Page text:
Setting up your own ecommerce business is an exciting journey. Tapping into a broader market online gives you more freedom and flexibility without the drawback of renting premises.
Since 2020, there has been a meteoric rise in online sales, primarily due to the pandemic. The industry is expected to grow annually by 5.16% until 2025, so businesses can still make the most of moving into a digital marketplace.
But, before you try and capitalise on this opportunity, there are a few steps to follow. Here’s what you need to know about starting an ecommerce business.
The first thing you need to do is decide on what you will sell. You’ll want to make sure that your product is something people will actually buy. To do this, you’ll need to look at market trends and see what popular area you can dive into.
Study your potential competition. You should make notes on how much they’re charging for their service. To stay competitive, you need to be able to match their prices or beat them.
Once you’ve decided on your service and products, it’s time to start creating your business plan. In this document, you should include your market research and financial projections.
A strong business plan aims will lay the foundation of your business while attracting investors and lenders.
Make your plan as detailed as possible. For instance, when you finally get round to selling your products, are you going to ship them from home? Or use a fulfilment centre? Such early questions are worth considering before going any further in the process.
Establishing your business
Your next step should be to work on your domain name and logo. You ought to get this done before you set up online, as you’ll want a recognisable brand presence from the beginning. Once you have that sorted, you’ll need to build your website and make it as appealing as possible.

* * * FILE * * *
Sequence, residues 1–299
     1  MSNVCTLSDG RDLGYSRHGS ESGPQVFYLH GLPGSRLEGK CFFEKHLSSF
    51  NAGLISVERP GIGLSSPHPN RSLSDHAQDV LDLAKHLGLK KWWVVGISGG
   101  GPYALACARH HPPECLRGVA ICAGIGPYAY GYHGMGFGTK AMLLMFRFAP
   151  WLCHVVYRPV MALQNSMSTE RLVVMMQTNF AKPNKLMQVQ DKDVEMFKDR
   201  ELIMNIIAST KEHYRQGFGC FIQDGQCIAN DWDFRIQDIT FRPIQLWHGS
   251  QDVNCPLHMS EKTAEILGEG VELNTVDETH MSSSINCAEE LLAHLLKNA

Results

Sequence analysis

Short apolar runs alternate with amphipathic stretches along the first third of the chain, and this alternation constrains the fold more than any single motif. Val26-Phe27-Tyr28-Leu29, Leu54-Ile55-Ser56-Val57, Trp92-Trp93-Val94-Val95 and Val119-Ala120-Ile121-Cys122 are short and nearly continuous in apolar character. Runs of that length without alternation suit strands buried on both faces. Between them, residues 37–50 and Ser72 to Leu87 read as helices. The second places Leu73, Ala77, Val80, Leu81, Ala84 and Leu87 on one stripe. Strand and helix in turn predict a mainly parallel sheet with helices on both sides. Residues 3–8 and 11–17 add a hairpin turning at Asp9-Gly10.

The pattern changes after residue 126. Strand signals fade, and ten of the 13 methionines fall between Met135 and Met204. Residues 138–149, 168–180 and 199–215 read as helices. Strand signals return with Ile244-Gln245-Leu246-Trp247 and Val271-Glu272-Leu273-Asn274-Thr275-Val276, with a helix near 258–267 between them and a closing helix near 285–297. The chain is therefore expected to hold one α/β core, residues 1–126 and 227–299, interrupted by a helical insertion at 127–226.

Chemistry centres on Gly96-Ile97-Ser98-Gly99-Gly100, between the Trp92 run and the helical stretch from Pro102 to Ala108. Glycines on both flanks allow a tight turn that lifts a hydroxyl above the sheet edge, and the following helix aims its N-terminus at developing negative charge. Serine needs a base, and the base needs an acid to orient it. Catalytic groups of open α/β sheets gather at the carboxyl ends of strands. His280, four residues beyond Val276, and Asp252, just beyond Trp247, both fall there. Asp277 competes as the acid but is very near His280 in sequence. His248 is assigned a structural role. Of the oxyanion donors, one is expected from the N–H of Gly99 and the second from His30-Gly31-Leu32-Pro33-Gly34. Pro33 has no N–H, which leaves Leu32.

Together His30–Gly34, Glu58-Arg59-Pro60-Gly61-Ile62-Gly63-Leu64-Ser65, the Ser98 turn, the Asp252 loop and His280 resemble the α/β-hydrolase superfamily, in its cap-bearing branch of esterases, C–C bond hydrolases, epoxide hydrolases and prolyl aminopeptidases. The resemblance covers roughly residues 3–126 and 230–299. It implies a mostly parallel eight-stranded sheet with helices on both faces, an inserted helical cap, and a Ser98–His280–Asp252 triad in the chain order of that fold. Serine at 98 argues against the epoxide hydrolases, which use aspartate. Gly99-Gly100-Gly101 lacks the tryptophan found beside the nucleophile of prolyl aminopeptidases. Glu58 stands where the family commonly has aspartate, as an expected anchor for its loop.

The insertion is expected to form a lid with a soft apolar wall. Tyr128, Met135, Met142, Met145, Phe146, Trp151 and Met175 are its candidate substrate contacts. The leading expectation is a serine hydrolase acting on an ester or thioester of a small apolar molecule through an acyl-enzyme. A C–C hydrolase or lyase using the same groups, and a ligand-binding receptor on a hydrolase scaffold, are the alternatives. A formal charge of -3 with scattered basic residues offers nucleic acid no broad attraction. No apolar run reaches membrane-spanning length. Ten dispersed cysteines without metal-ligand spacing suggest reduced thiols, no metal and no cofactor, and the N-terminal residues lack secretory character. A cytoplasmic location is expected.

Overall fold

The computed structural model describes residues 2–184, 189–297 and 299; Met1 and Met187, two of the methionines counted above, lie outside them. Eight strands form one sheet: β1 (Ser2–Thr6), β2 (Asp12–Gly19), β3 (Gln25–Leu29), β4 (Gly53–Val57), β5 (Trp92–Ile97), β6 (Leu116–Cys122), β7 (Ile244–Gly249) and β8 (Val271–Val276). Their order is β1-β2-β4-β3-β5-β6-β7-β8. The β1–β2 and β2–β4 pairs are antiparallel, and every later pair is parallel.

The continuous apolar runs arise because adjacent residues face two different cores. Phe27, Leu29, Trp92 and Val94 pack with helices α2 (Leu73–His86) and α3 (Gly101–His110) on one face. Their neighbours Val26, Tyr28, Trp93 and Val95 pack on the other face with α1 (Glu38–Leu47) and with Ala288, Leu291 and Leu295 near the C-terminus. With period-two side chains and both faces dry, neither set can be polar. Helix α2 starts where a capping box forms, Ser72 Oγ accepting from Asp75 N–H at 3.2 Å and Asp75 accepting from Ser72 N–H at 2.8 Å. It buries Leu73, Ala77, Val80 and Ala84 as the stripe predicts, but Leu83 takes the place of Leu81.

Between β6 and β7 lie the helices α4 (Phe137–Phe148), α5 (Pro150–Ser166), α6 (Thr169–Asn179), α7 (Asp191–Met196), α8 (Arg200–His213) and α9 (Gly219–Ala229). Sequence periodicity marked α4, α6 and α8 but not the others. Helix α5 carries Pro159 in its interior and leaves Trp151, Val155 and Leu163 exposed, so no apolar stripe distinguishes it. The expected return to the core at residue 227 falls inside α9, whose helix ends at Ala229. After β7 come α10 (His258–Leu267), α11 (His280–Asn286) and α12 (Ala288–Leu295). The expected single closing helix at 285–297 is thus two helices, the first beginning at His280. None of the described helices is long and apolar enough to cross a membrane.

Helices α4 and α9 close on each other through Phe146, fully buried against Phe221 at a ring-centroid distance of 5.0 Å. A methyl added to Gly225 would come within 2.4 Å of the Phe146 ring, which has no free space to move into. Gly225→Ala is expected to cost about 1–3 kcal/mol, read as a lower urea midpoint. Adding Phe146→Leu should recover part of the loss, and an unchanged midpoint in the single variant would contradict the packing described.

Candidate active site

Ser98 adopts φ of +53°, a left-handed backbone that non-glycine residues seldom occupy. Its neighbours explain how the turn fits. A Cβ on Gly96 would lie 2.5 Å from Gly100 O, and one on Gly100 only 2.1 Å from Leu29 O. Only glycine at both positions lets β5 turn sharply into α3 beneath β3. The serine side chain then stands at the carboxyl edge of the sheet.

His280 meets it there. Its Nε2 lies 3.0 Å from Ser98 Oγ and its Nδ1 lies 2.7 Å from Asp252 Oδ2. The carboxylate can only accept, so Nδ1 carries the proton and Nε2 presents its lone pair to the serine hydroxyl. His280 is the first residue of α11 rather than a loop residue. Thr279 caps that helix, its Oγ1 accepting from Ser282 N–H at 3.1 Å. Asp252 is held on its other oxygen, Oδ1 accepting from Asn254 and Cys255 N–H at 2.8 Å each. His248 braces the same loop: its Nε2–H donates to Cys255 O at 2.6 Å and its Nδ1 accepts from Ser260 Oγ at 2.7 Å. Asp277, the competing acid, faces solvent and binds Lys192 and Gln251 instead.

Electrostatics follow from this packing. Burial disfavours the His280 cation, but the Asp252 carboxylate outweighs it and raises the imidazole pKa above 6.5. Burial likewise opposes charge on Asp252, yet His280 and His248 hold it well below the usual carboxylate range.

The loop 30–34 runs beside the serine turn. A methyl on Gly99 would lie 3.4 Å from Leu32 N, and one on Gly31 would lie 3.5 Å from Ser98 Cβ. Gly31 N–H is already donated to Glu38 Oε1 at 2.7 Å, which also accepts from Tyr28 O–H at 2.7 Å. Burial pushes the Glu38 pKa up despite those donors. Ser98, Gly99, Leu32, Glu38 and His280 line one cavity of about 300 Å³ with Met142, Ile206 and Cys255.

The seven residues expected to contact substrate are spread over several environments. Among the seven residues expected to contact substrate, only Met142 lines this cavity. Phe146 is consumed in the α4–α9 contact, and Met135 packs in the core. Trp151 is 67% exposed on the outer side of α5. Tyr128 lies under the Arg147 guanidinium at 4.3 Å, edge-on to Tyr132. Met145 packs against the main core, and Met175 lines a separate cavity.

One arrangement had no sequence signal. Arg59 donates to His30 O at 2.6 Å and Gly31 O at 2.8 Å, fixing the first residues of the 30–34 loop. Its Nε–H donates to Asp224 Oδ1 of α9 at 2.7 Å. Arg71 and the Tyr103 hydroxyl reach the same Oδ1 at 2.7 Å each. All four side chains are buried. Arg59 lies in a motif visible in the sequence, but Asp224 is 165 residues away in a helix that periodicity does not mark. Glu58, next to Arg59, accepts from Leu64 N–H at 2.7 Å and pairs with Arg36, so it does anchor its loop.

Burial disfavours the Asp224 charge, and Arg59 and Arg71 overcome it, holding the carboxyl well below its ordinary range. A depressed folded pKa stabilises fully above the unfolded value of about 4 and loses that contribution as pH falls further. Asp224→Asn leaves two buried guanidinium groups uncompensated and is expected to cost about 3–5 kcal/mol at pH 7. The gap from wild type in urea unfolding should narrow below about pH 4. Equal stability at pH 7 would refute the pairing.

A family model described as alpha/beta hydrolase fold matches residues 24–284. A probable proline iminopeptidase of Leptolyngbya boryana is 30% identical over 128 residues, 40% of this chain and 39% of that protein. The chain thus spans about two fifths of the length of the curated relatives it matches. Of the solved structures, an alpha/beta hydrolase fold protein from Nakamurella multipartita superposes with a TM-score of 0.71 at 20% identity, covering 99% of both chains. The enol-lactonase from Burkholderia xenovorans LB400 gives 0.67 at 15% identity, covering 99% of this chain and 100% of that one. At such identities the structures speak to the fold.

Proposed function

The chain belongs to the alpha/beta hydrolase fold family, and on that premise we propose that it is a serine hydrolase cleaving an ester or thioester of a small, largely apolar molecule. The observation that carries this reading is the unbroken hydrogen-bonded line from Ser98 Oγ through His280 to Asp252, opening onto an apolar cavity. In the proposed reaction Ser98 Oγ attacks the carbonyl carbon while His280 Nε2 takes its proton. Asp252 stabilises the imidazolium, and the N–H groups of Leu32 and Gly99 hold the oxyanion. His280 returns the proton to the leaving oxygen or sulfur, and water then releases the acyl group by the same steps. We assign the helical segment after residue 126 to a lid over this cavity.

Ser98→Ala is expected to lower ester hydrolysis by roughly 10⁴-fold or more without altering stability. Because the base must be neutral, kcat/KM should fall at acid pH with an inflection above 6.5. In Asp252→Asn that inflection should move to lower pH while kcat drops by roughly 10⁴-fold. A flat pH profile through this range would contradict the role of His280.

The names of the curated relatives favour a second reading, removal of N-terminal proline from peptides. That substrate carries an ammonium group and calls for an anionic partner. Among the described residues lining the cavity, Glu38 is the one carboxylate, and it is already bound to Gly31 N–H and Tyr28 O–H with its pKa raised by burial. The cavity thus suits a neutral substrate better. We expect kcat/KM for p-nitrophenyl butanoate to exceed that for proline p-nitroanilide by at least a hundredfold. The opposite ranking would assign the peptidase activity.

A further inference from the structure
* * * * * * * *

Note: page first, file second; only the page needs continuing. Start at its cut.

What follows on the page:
If you want to trade as a limited company, you’ll need to register with Companies House, the fees for which are minimal, but keep in mind that there will be some admin work involved.
Alternatively, you could trade as a sole trader, which you can do right away. However, unlike the owner of a limited company, you’ll be personally liable for your business’s debts and taxes.
Choosing the suitable sales channels for your ecommerce business is paramount to its success. By using your previous market research, you’ll be able to identify which platforms your target audience uses the most and market directly to them. Whether it’s eBay or Etsy, you’ll need to choose the platform that suits you.
It isn’t just the right channels you need to consider but the best-integrated accounting software to use.
Packages from Xero or QuickBooks are affordable, relatively straightforward and can link with your sales platform to provide you with real-time financial and sales reporting.
This will make it much easier to keep track of figures and inventory. You can also consider payment options such as PayPal, WorldPay or SagePay for your online systems.
Whether you’re a limited company or sole trader, you’ll have tax obligations to meet – potentially including VAT.
All UK businesses must pay VAT if they have an annual turnover of £85,000 or more. Once you do that, you’ll need to file your VAT returns online with HMRC via Making Tax Digital-compatible software, such as Xero.
If you’re not making near the threshold for VAT, you’ll be glad to know that as of 2017, the Government allows a tax-free threshold of £1,000 for any ecommerce business. If you earn over this and operate as a sole trader, you’ll need to declare your taxable income on a self-assessment tax return.
If you work as a registered company, you’ll be required to submit a corporation tax annually and pay corporation tax on your profits. If you’re a sole trader, you’ll be liable for income tax, meaning a more profitable sole trader could end up paying more tax than their corporate counterpart.
If you have any doubts or questions about setting up and running your business, the team at Glen C Rodger is happy to help. Get in touch to find out more.